For Your Peace of Mind, Make Your Own Museum
(Panama, 71 min.)
Dir. Pilar Moreno and Ana Endara Mislov
In this impressive documentary, directors Pilar Moreno and Ana Endara vividly capture the irrepressible artistic spirit of a woman known only as Senobia. The genius of the film lies in the way that their creative expression of her life’s work opens up into an inspiring vision of determination in the face of unrelenting challenges.
Living alone in a Panamanian village, as an elderly woman, she populated her world with artworks designed mostly from discarded objects that she found, anything from plastic cups or bottles to broken umbrellas. The filmmakers shot each creation lovingly, expertly, as one would do for any treasured museum piece.
Defiantly resisting the uncontrollable realities of her world, Senobia picked her battles. In the face of diminishing wildlife, she placed imaginative renditions of birds and animals into the emptied landscape as a defence against the deforestation happening in the area.
For Your Peace of Mind vividly presents Senobia, who has passed away but whose spirit infuses the film, as an embodiment of personal empowerment. She transformed her own home into The Museum of Antiquities of All Species. There, she carefully arranged the old computers, televisions, telephones, and other dilapidated machinery that she was constantly picking up during her strolls, curating them alongside her hand sown and knitted finery. In and amongst these objects, she set various placards, with her written thoughts and observations on life, which pop out like inspirational sayings.
Beyond this chronicle of her creations, For Your Peace of Mind takes things one step further. Enlisting the help of some of the local women who knew her, the filmmakers strive to provide a deeper insight into Senobia. The poetic and sometimes playful observational style of the film becomes infused with a more conceptual approach, albeit one that comments on the talking heads practice in documentary.
We hear the women’s voices throughout the film, reading Senobia’s diary entries. For much of the film, Moreno and Endara ask the women to wear the same dress that Senobia wore and sit in the same spot in the kitchen of the house as they conduct interviews. While this conceptual part–the performative aspect, the repetition–bogs the film down at times, there is a remarkable payoff.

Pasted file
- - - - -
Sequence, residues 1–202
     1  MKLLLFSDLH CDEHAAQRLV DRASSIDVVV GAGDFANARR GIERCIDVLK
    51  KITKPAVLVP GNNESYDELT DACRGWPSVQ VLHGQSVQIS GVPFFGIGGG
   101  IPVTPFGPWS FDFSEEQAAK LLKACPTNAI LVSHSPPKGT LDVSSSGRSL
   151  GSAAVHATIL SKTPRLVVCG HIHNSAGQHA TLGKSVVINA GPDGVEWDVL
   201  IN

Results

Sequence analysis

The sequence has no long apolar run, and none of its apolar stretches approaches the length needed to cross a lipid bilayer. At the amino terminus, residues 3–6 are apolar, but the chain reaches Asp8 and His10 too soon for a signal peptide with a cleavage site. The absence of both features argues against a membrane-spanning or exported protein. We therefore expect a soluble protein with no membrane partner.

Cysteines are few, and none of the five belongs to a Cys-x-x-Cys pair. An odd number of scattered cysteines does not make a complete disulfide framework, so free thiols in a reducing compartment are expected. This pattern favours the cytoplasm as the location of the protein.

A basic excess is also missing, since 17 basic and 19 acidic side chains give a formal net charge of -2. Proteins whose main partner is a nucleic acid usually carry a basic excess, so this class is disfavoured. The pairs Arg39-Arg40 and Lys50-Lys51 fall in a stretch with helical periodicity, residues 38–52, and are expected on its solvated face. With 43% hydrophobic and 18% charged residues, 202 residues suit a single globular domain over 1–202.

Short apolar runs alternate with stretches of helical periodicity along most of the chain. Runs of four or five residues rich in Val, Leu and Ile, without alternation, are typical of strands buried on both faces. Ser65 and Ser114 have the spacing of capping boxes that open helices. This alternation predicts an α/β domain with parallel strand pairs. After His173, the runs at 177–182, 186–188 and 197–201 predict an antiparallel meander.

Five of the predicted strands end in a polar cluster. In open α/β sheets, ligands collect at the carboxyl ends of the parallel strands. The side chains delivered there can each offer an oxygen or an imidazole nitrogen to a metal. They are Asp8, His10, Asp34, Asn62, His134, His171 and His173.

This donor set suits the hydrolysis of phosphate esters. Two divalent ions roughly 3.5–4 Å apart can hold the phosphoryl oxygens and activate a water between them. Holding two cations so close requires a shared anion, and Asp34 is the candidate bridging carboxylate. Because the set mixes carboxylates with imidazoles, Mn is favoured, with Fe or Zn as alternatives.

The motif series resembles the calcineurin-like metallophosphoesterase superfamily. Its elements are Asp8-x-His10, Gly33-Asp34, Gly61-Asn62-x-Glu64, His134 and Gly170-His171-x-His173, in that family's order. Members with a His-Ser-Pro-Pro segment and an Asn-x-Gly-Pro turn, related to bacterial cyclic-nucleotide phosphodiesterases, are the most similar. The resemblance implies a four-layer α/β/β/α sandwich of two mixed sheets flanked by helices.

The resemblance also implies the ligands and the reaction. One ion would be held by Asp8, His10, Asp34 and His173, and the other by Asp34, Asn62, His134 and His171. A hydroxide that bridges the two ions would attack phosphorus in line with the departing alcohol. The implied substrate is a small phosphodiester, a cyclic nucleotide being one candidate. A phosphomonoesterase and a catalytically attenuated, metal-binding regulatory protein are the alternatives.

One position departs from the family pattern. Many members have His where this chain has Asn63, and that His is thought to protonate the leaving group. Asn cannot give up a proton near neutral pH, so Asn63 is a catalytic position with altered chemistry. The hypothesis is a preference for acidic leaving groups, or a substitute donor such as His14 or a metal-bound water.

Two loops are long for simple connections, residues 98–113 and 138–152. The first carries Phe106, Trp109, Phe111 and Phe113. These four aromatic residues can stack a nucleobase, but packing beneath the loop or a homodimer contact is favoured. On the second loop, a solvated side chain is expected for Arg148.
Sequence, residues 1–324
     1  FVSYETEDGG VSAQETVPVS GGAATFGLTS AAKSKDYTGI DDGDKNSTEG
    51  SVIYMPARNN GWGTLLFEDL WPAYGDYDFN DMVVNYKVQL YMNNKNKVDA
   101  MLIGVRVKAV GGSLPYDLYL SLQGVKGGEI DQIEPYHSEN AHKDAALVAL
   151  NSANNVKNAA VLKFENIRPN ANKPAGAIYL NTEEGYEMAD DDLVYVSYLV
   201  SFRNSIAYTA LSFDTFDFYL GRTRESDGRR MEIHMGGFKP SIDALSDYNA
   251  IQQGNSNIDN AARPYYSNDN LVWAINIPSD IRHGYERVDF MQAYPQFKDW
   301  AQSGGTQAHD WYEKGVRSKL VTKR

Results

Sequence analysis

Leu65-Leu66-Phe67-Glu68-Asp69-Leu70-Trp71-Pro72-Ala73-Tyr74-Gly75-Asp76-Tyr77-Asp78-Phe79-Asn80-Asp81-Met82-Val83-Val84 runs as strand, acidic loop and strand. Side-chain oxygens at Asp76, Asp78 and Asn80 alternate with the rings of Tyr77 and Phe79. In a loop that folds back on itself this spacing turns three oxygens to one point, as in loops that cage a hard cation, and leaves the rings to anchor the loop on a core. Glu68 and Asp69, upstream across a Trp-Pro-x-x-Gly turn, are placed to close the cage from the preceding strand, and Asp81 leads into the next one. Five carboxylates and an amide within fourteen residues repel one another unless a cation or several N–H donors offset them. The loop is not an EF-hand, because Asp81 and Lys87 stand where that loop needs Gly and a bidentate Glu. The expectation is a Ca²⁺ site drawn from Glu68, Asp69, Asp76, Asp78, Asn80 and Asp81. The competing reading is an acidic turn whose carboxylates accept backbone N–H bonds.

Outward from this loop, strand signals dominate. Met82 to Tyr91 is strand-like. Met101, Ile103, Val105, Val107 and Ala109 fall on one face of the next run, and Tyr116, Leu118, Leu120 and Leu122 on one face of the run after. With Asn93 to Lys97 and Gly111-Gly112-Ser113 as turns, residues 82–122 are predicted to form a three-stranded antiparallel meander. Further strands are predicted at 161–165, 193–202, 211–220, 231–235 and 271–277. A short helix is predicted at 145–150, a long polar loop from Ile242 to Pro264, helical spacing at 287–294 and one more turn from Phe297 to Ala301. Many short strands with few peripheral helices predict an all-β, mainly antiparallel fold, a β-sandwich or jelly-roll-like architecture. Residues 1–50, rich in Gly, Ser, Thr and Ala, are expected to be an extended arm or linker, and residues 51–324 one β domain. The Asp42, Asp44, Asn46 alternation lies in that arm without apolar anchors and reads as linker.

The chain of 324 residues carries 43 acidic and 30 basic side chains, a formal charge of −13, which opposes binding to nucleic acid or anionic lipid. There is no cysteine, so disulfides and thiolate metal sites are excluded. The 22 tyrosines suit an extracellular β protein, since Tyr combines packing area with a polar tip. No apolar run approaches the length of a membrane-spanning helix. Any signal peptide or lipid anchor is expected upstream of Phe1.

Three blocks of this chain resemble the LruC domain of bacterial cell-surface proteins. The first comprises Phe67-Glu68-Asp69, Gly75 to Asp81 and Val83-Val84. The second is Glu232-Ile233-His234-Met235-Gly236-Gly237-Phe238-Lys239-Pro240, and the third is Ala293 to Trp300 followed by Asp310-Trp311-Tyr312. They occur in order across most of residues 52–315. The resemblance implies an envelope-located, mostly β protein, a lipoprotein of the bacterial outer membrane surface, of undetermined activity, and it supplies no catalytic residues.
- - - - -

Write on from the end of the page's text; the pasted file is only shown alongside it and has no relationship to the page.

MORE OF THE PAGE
As the women share their reminiscences, they inevitably reveal much about themselves, much more than they would have dared if they had been asked directly. And in their personal details, a pattern emerges, one that says much about the patriarchal systems that are still keeping each woman down.
This spirit of rebellion makes For Your Peace of Mind unforgettable. It’s made possible in part by the filmmakers’ inspired insistence on maintaining the formal rigour of their conceptual documentary approach. But by inviting each woman to break through the fourth wall of this documentary, the filmmakers create an empowering dynamic, one perfectly aligned with Senobia’s vision.
Through her artistic practice, Senobia was liberating herself from the constraints of society. The women’s statements break through the film’s formal structure as they so clearly wish they could break through the roadblocks in their own lives. These admissions contain the same indomitable spirit that we have heard so much about in their discussions of Senobia. She’s gone now but her very nature permeates their lives and every frame of this film.
For Your Peace of Mind, Make Your Own Museum premieres at Hot Docs on May 2.